The leading performances are, without question, first-rate, but it's James Woods who steals the show with his crazy, scary performance as the most psychopathic of the duo. He chills to the bone in ways he's been able to mimic over the years, but here with a sense of razor sharp reality that has you on the edge of your seat.

There are moments in the film that are so moving that they're not only unforgettable, but are examples of the kind of filmmaking which is now so rare in American film, but was virtually de rigueur during the 70s - little details like when one of the cops, his hands up, slowly touches his partner's fingers when he realizes he's going to die, hoping to have one last touch of life before it all ends, or when one of the cops appears to be crying and his partner points out that it's a physical reaction to the fields of onions and later on, as the surviving cop brutally punches his baby in the back to make it stop crying and then, almost immediately fills up with horror and self-loathing over what he's done. The movie is full of moments like this which force you to catch your breath - again and again - as these heart-wrenching moments of sadness and brutality repeatedly knock the wind out of you.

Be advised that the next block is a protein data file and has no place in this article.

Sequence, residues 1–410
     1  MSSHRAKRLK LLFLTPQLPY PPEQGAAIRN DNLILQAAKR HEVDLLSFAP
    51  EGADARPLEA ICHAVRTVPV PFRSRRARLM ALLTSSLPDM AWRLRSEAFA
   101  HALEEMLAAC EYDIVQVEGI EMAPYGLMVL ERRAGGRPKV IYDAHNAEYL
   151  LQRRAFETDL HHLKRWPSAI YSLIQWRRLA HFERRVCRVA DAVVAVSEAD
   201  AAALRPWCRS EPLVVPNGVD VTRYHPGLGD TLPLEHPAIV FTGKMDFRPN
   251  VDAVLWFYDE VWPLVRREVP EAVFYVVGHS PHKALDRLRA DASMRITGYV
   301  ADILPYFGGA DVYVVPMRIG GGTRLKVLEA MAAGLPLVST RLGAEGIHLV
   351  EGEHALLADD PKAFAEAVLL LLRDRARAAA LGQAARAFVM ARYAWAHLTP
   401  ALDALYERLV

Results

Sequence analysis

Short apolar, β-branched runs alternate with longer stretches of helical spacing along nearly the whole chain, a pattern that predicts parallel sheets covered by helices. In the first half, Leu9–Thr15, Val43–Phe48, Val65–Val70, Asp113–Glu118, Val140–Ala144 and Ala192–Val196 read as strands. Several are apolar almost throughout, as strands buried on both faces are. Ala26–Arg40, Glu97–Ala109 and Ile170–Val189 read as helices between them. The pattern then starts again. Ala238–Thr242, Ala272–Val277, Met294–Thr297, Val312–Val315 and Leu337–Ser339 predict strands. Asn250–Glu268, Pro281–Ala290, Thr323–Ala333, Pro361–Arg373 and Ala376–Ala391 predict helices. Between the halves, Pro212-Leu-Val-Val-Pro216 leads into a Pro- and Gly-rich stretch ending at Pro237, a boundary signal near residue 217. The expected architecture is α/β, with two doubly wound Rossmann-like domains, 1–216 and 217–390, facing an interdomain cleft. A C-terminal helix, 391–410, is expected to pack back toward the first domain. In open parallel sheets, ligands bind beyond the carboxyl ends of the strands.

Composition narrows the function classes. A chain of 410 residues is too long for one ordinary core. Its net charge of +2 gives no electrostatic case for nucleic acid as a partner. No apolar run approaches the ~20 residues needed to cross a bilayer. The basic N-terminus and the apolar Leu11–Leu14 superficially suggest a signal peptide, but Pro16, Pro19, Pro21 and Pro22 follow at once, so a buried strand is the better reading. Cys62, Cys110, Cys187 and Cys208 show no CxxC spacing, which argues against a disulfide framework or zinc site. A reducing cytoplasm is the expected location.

Two especially powerful moments on opposite ends of the emotional and legal spectrum haunted me long after I first saw the movie first-run and knocked me flat when seeing it again on Blu-Ray are as follows:

1. When the most "sane" of the two criminals is asked if he feels guilty, he responds: "I think that is something that rich white guys dreamed up to keep guys like me down. I honestly don't believe there is such a thing... such a feeling. Guilty? That's just something the Man says in court when your luck runs out."

2. When the District Attorney, after endless trials and appeals decides to leave the law profession altogether upon realizing that the cop who died is long forgotten and that the one who survived is a mere ghost and that all that really remains with any meaning at all is the legal process. He states, with no irony at all that if it was in his power, he'd let the criminals go free. "…I'd just drop all the charges. Let 'em walk. If only I could send some lawyers and judges to the gas chamber."

The Onion Field, maybe now more than ever, is one of the most moving and truthful indictments of the American justice system ever put on film. It's neither dated, nor irrelevant to America today. It allows us to weep for the men on the beat as much as those behind bars and most of all, for the mess this incident inspired which transformed law enforcers into cold-hearted killers.


The Onion Field is currently available on a new Blu-Ray from Kino-Lorber with an excellent selection of extras including a fine commentary track by director Harold Becker.